Researchers to Investigate the Genetics of Congenital Heart Disease
Children's Hospital Boston and Brigham and Women's Hospital to search for undiscovered mutations as part of national collaboration
December 21, 2009
Researchers at Children's Hospital Boston and Brigham and Women's Hospital have received funding from the National Heart, Lung, and Blood Institute (NHLBI) to support their search for undiscovered gene defects that cause congenital heart disease. The $4.19 million, 6-year grant is part of the Pediatric Cardiac Genomics Consortium (PCGC), which seeks to identify genetic and epigenetic causes of human congenital heart disease, and relate genetic variants present in the congenital heart disease patient population to clinical outcomes.
Though individual congenital heart defects are rare, together they affect 35,000-40,000 U.S. infants born annually, making congenital heart disease the most common group of birth defects. The ultimate goal of the PCGC, part of the newly established "Bench to Bassinet" initiative at NHLBI, is to identify preventive strategies, targets for treatment, and better diagnostic and prognostic information for families.
"Too many young lives are lost each year due to congenital heart defects," said Susan B. Shurin, MD, acting director of the National Heart, Lung, and Blood Institute at the National Institutes of Health. "To help give these children a chance at a healthier life, the Bench to Bassinet program will delve into how the cardiovascular system develops and help translate the best research findings into clinical practice."
"We are thrilled to be part of this ground-breaking new endeavor," says Jane Newburger, MD, MPH, Associate Chief for Academic Affairs in the Department of Cardiology at Children's, Commonwealth Professor of Pediatrics at Harvard Medical School, and Principal Investigator on the grant together with Christine E. Seidman, MD, Director of the Cardiovascular Genetics Center at Brigham and Women's Hospital and Thomas W. Smith Professor of Medicine at Harvard Medical School. Jonathan Seidman, PhD, Henrietta B. and Frederick H. Bugher Foundation Professor of Genetics at Harvard Medical School, is also a key co-investigator. The other PCGC institutions are Yale University, Mt. Sinai School of Medicine, Columbia University, and Children's Hospital of Philadelphia.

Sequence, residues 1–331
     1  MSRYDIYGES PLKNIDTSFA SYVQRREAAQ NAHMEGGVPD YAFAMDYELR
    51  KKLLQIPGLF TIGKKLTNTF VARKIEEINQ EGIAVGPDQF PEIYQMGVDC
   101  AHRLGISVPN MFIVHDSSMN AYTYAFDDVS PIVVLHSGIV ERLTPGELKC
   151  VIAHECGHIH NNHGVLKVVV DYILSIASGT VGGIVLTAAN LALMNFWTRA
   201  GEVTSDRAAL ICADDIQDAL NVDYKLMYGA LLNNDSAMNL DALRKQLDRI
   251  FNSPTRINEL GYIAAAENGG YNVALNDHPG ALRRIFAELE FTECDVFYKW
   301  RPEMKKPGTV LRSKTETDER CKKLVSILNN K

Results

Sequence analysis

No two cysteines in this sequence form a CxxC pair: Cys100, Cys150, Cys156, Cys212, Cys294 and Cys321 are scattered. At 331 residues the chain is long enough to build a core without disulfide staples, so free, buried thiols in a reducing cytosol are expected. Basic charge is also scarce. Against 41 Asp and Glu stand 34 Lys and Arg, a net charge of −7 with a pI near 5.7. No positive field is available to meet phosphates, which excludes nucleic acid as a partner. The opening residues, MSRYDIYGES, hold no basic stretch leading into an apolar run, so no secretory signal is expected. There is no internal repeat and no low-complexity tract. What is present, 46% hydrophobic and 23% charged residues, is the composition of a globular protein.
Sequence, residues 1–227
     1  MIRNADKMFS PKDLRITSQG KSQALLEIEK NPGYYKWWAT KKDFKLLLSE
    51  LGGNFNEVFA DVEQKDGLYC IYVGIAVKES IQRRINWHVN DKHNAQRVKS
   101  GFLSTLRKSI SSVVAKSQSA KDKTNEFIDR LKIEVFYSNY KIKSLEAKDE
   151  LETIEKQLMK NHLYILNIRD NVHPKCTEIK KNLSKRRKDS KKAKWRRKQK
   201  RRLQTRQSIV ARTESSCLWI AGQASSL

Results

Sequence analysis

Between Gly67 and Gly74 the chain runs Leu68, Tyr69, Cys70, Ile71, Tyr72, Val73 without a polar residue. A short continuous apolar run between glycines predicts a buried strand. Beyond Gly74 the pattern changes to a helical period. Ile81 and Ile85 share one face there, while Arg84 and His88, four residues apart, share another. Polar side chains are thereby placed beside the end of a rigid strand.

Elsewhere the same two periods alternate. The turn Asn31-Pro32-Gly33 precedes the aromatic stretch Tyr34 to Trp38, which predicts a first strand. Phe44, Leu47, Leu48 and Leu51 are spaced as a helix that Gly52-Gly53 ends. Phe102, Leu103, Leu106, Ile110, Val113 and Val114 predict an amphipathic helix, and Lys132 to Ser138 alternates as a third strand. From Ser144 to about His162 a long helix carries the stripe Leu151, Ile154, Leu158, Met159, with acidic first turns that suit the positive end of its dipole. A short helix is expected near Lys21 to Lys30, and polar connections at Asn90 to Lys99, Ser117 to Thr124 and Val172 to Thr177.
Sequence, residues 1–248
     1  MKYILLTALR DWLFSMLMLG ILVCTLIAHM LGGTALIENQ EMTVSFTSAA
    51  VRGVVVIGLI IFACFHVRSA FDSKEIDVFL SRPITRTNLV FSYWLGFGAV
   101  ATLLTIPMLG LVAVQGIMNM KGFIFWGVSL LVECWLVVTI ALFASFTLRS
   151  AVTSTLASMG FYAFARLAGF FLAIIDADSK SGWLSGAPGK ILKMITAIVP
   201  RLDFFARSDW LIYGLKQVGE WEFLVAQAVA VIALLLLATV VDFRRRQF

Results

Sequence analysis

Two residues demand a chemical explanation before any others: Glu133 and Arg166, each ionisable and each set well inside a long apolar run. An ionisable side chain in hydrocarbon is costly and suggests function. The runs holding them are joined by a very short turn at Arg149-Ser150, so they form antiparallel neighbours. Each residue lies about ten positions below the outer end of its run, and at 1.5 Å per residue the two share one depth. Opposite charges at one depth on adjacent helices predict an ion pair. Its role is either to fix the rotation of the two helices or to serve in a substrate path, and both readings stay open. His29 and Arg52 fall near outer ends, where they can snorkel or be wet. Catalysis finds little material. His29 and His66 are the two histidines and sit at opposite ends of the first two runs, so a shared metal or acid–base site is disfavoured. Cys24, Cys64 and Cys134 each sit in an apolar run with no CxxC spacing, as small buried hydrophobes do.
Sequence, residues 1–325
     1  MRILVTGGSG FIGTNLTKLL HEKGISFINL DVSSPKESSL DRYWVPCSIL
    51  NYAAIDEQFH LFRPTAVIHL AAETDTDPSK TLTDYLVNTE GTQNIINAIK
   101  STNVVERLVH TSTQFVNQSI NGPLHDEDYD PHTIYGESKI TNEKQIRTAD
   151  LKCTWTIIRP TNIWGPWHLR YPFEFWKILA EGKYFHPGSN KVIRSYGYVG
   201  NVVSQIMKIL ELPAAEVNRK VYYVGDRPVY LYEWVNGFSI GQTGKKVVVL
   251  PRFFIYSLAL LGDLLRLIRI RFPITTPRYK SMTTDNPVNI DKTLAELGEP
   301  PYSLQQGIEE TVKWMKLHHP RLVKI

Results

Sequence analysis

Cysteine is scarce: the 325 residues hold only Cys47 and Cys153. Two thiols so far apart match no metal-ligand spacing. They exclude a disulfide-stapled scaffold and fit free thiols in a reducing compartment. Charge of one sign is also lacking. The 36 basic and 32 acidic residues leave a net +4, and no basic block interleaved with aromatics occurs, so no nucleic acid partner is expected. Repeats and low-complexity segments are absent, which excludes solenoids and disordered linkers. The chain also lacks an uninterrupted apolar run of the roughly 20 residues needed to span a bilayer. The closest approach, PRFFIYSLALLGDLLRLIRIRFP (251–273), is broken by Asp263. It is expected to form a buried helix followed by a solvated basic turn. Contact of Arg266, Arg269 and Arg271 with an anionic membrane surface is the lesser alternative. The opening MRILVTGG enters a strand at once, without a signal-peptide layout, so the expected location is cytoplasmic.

Although a few genetic causes of congenital heart disease are already known, the researchers hope to zero in on novel, undiscovered genes. Because gene discovery research requires a high number of patient samples, a collaborative consortium such as the PCGC will propel research forward by allowing scientists to share patient samples, data and technology. "Everybody recognizes that no one center alone can do this research," Newburger says.
Several other Children's Hospital Boston researchers are co-investigators in the PCGC. Steven Colan, MD, Associate Chief for Clinical Operations in the Department of Cardiology and Professor of Pediatrics at Harvard Medical School, will lead the echocardiography and other cardiac imaging studies which are essential to characterize the exact form or "phenotype" of the patients' heart conditions. Roger Breitbart, MD, Assistant Professor of Pediatrics at Harvard Medical School, will serve as an important liaison between the clinical effort and research laboratory. Amy Roberts, MD, Assistant Professor in Pediatrics at Harvard Medical School, will lead the recruitment of new patients and collection of DNA.
"Competition inspires people to work quickly, but this particular area of research begs for collaboration," says Roberts, who is Director of the Cardiovascular Genetics Research Program at Children's. "The collaborative effort is the only way we have a chance of making big discoveries in a short period of time."
Related efforts at Children's